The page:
Valparaiso University Hosts “Beloved Community” MLK Day Convocation

As part of a week-long celebration of the life of the Rev. Dr. Martin Luther King, Jr., Valparaiso University hosted convocation on Monday in the Chapel of the Resurrection focusing on Dr. King’s vision of the beloved community.

“The aftermath of non-violence is the creation of the beloved community,” Dr. King said in a 1957 speech. During his welcome address, Valparaiso president Dr. Mark Heckler encouraged attendees to become that beloved community.

Those in attendance numbered well into the hundreds, a multi-generational conglomeration representing various ethnicities, backgrounds and faiths.

Keynote speaker Rev. John Nunes opened with the “Twitter version” of his speech in 140 characters: “What MLK mean to me? That the surest cure for dissatisfaction with injustice is peaceful, prophetic & patriotic action.”

Nunes spoke against “the lingering homegrown terrorism known as racism and sexism” while reinforcing Dr. King’s idea of the beloved community.

“Are you not astonished by the amount of inhumanity towards humanity?” Nunes asked. “I hope you are astonished. Change is possible. Change that is peaceful, prophetic and patriotic.”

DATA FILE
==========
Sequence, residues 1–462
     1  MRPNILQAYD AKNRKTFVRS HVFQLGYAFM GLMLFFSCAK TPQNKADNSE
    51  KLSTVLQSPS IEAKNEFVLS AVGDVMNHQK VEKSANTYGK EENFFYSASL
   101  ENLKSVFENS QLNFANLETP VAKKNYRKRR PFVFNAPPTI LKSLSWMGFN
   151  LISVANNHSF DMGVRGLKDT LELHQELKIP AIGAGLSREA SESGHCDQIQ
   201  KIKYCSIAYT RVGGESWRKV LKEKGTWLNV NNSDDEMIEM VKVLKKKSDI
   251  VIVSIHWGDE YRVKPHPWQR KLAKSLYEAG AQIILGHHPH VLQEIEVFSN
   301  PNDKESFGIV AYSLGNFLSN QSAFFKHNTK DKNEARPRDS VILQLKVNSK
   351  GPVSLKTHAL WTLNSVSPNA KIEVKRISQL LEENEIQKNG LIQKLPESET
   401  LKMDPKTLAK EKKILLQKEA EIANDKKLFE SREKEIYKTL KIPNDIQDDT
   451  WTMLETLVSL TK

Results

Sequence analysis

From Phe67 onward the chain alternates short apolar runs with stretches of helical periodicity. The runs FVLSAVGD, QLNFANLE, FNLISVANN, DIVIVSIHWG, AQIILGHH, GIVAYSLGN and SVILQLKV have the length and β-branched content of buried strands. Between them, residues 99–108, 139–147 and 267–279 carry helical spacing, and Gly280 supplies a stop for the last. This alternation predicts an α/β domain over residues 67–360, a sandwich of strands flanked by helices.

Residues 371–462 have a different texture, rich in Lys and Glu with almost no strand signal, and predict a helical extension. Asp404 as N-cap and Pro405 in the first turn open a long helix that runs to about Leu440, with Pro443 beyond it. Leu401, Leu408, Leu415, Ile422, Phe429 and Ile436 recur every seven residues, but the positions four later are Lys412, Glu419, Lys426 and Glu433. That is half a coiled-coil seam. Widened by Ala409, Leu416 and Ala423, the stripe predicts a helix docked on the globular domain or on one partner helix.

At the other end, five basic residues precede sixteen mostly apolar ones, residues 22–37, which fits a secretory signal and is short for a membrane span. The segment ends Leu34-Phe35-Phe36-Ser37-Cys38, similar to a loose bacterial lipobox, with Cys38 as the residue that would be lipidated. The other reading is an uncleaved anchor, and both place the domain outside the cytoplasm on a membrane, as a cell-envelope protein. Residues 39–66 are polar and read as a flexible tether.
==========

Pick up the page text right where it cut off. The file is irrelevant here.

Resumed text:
In addition to Nunes’ speech, attendees heard an invocation from the Rev. Charlene Cox and a benediction from the Rev. James Wetzstein. A hymn was led by members of the Valparaiso University Chorale, Kantorei and men’s and women’s choirs, and the song “Oh Happy Day” was performed by Cecilia Ballard and Alicia Thompson. Tom Meyer accompanied both performances on the piano.

The annual Valparaiso University Martin Luther King, Jr. Award was presented to professor Dr. Stacy Hoult-Saros, the department chair of the Spanish Arts and Sciences department.

“What can I say? This honor puts me in some very lofty company,” Hoult-Saros said after the ceremony. “I’m accepting it as a charge to continue the work that has been done by my friends who have [also] been honored with this award, some of whom are no longer here with us physically. It’s a really emotional day, as you can imagine.

“I’m just so proud of the way our community comes together and celebrates this day every year and celebrates diversity. I’m overwhelmed.”

The convocation was a time for reverence and reflection while celebrating the life, accomplishments and legacy of Dr. King. Heckler was happy the university was able to play and leading role in the convocation.

“Dr. King had a dream about what a beloved community would look like, where people would come together and they would be peaceful even though they saw the world very differently,” Heckler said. “[He dreamed] that they could come together and build a community in peace and love and understanding and redemption. We get these moments when we can come together across the university, the Valpo community and Northwest Indiana and remind ourselves that it’s up to us – right? – up to us to build this beloved community together.

“It’s a privilege to have these moments where we can come together and stop and remember what this man did and what he sacrificed and what he challenged us to do even today, to build a better community together.”